Late onset generalised epilepsy in a case of periventricular heterotopia

Malformations of the cortical development are relatively rare but important causes of developmental disabilities and epilepsy. Periventricular nodular heterotopia is one of the best known and described cortical dysplasias that in the era of magnetic resonance tomography are easily and accurately diagnosed while alive. It is characterized by subependymally localized contiguous ovoid nodules of gray matter, which may occur ipsilaterally or bilaterally along the wall of the lateral ventricles. Although periventricular nodular heterotopia shows mostly a X-linked dominant inheritance pattern and manifests among women, there are also cases of autosomal recessive inheritance, as well as cases associated with chromosome 5p anomalies. Former doubts whether seizures originate directly from these neuronal migration disorders, or are simply associated consist no more since depth-electrode studies have proved the epileptogenity of gray matter heterotopias. Most patients present focal epileptic seizures during infancy, childhood or adolescence. However, late-onset epilepsy can rarely also be attributed to regional brain cortical dysplasia including bilateral nodular periventricular heterotopia. The incidence of neurological signs in this patients' group is lower. Mental retardation is moderate or absent, thus allowing a fairly normal way of living. Drug resistance is rare and the response rate to applied antiepileptic medication is good.

We present the uncommon case of late-onset primary generalized epilepsy in a 34 years old female patient with normal mental and motor development with known history of typical migraine attacks. Her family history suggested no pattern of inheritance. She presented 3 typical Grand Mal seizures on awakening within a period of six months, without reports of any prior disorders of consciousness. Computed tomography of the brain revealed bilateral periventricular uncalcified hyperintensities, which were later identified by means of magnetic resonance tomography as almost contiguous, ovoid, not enhancing nodules of gray matter density. The typical imaging findings excluded the differential diagnostic alternative of tuberous sclerosis and established the diagnosis of periventricular nodular heterotopia of cortical tissue as highly uncommon cause of late-onset generalized epilepsy in a patient with no other apparent epileptogenic lesions.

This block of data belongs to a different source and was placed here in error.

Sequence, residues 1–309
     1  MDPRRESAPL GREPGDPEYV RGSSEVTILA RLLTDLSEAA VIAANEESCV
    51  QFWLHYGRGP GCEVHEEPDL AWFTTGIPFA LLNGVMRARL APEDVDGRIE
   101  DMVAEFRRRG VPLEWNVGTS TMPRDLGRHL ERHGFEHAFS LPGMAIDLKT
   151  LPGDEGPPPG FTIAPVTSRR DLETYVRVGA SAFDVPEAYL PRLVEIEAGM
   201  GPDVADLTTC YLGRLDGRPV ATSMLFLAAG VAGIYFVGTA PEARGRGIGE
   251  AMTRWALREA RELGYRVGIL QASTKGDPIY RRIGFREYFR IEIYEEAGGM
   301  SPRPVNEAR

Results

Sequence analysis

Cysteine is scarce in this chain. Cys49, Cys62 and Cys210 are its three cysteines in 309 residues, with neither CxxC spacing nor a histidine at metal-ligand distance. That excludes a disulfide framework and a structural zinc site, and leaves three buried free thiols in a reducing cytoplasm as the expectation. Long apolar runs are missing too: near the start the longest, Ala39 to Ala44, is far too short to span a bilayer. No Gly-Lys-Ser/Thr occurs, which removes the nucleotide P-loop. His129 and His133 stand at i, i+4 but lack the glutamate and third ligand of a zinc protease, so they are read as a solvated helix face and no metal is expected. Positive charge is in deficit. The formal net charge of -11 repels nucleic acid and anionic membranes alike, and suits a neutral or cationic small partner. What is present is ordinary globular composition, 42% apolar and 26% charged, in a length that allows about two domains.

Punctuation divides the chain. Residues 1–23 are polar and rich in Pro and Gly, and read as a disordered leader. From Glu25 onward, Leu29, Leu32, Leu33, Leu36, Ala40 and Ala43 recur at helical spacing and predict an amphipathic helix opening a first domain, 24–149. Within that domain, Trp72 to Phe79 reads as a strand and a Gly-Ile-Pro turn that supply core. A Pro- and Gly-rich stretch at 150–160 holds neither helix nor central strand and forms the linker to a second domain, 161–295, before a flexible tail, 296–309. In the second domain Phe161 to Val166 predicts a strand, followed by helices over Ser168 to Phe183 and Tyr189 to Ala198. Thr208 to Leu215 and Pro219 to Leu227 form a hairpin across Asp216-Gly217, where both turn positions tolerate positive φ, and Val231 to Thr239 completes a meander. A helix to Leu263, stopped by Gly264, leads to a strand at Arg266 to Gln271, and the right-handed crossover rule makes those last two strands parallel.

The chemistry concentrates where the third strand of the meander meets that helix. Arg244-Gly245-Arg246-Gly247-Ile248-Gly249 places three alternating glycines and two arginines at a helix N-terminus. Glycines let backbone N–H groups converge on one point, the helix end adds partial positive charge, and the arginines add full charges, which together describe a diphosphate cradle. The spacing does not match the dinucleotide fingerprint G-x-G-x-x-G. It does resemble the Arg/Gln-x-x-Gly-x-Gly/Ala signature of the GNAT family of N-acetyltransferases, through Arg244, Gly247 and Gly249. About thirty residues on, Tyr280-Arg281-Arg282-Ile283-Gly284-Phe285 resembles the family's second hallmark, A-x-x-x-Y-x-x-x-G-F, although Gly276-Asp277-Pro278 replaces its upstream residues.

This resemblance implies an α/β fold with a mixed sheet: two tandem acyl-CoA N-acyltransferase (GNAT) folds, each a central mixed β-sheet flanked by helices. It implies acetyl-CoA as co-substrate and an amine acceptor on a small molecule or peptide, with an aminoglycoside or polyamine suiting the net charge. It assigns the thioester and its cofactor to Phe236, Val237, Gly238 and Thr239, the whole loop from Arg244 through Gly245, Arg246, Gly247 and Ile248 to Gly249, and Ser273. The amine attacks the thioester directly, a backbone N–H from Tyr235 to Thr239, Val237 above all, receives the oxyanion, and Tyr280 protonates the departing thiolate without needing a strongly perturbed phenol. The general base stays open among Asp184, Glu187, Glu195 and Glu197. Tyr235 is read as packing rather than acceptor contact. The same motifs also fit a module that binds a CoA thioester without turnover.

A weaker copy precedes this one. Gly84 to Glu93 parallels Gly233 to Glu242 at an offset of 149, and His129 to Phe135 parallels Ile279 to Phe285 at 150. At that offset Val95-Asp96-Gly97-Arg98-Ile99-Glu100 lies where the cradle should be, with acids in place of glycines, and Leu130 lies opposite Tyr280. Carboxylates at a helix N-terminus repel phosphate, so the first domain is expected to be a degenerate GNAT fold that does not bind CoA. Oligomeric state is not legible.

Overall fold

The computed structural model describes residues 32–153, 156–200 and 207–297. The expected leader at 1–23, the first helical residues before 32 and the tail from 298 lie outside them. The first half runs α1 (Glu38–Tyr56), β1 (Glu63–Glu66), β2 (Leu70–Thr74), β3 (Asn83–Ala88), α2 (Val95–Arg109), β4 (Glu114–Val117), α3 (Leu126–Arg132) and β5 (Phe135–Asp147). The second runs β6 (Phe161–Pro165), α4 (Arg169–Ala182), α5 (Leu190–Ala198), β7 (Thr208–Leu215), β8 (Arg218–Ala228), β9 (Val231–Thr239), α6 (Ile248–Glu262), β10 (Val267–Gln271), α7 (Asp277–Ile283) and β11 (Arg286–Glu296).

The present case report suugests periventricular nodular heterotopia as rare but probable cause of symptomatic epilepsy and underlines the importance of magnetic resonance tomography as essential and crucially important part in the diagnostic workup of all patients irrespective of age and gender with newly manifest epileptic seizures.

Key words: Epilepsy, seizures, periventricular heterotopia, magnetic resonance imaging.